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Second Amendment framers were concerned about power of government
The Jan. 30 issue of The Beachcomber included two letters to the editor that disagreed with an earlier letter by Jim Plihal, regarding interpretation of the Second Amendment, specifically the ability of the people to defend against tyranny. For clarification, John Williams (“Interpretation of amendment has strayed from its roots”) mistakenly claimed that Article II of the constitution is “also called the Second Amendment,” when, in fact, Article II creates the executive branch and is not an amendment at all.
I believe that the reference made by Jim Plihal (“Violence caused by a murderer, not the NRA,” Jan. 23) and Thomas Jefferson can be found in the introduction to the first Ten Amendments, which states, in part, “a number of the states …expressed a desire, in order to prevent misconstruction or abuse of its powers, that further declaratory and restrictive clauses should be added: And as extending the ground of public confidence in the Government.”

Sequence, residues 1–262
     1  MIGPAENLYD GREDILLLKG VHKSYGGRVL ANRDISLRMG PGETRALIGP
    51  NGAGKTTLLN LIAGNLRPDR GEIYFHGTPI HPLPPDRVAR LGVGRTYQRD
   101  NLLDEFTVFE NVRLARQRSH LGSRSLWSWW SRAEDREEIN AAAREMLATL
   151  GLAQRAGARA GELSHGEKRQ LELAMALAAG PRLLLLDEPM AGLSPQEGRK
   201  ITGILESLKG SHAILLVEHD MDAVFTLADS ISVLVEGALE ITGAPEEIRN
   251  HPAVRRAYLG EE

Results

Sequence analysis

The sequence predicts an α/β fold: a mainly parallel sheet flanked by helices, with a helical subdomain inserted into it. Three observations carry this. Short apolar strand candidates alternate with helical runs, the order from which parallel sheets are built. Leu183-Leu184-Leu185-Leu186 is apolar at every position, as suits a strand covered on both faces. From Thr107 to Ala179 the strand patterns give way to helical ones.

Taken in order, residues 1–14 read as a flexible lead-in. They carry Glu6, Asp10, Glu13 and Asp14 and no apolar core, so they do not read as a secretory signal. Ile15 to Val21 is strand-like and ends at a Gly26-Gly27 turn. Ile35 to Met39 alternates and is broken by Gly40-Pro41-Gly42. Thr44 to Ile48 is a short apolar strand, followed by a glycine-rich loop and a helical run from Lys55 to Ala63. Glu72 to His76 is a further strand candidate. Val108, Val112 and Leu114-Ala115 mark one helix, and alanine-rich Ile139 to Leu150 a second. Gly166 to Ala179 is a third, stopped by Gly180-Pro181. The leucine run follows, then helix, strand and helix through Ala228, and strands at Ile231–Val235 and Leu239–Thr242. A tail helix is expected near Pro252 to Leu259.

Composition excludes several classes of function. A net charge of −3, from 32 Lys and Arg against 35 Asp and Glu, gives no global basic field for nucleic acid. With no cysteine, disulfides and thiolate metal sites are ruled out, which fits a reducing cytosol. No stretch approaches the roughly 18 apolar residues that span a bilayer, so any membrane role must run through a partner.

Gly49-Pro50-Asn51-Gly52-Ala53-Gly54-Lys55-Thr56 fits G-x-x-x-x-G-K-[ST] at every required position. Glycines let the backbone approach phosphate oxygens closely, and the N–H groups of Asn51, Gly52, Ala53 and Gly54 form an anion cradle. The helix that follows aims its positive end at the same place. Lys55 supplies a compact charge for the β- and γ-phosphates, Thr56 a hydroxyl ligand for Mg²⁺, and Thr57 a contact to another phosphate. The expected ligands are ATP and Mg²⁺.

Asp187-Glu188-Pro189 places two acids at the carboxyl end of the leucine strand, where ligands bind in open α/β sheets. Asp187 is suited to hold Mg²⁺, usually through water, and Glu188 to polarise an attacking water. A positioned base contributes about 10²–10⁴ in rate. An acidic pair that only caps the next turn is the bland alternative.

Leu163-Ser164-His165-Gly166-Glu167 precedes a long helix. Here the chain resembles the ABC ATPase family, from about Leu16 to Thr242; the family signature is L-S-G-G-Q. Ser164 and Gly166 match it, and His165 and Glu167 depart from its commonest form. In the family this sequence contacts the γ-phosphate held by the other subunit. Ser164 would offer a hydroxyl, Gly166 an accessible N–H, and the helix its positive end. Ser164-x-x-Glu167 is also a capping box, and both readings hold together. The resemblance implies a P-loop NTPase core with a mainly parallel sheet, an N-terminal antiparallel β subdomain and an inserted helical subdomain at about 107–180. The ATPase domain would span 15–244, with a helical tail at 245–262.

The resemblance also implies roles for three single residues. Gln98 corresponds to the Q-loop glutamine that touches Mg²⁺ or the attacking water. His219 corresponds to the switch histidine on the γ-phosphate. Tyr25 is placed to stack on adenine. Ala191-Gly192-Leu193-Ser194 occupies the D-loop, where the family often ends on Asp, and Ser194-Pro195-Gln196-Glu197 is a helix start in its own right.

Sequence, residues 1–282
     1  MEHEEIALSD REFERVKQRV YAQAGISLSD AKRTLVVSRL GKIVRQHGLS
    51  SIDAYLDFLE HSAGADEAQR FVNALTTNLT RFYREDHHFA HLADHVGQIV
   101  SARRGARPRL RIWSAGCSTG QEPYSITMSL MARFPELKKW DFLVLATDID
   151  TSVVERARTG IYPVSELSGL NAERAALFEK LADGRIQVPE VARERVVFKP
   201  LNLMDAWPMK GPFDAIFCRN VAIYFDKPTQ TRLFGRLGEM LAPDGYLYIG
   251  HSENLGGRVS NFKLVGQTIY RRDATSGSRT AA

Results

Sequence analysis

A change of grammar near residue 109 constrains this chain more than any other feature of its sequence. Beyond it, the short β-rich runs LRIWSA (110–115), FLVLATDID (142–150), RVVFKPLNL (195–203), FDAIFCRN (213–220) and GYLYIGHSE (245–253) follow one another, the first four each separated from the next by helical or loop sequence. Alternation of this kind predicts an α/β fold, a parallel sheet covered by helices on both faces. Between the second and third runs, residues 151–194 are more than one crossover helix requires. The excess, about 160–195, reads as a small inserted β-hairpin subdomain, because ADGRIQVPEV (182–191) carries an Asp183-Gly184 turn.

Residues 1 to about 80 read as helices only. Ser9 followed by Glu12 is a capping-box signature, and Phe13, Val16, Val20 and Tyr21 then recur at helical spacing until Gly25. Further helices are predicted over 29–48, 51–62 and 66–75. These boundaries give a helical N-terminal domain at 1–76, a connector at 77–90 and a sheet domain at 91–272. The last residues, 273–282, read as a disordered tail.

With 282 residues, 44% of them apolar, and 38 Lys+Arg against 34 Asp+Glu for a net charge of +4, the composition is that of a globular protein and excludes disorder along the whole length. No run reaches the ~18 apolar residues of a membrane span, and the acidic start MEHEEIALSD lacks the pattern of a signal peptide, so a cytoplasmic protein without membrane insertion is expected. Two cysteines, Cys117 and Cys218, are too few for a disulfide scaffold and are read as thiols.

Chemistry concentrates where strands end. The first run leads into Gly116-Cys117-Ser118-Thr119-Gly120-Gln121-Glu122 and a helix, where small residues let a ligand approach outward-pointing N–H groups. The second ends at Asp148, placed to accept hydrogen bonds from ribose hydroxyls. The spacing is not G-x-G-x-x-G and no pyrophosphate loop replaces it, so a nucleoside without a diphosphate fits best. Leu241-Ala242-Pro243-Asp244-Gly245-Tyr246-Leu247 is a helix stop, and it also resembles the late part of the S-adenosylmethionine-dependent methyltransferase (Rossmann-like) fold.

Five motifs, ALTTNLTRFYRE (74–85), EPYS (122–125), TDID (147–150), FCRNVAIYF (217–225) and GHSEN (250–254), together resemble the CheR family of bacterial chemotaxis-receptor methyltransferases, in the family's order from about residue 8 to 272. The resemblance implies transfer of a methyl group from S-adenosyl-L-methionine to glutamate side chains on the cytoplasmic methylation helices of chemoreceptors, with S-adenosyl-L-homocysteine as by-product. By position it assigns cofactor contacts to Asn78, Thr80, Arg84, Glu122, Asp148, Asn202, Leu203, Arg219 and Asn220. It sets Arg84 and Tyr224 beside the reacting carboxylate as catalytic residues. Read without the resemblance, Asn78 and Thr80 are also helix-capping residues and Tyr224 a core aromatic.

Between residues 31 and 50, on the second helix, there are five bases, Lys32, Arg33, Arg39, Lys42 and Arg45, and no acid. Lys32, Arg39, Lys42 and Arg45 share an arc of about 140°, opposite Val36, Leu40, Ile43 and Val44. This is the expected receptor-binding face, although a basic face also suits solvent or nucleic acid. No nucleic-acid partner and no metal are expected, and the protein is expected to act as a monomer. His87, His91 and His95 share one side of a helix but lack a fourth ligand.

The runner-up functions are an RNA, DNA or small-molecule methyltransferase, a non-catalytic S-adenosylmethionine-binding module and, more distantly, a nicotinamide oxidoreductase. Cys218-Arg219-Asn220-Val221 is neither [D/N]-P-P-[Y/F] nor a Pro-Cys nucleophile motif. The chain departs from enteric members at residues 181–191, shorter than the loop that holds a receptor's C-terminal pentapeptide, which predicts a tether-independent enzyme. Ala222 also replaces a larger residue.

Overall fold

This introduced and gave purpose to the first Ten Amendments to the Constitution. In addition, there is reference to language in the Second Amendment itself, “being necessary to the security of a free state.” As Ben Shapiro says, “History is replete with examples of democracies who have gone tyrannical.”
So, while there is no explicit mention of fighting tyranny in the Second Amendment, Jefferson and Madison, in particular, knew very well that power tends to corrupt and that the people must be able to defend their “inalienable rights” against any power, including the government itself, should the need arise.
— Gregg Rocheford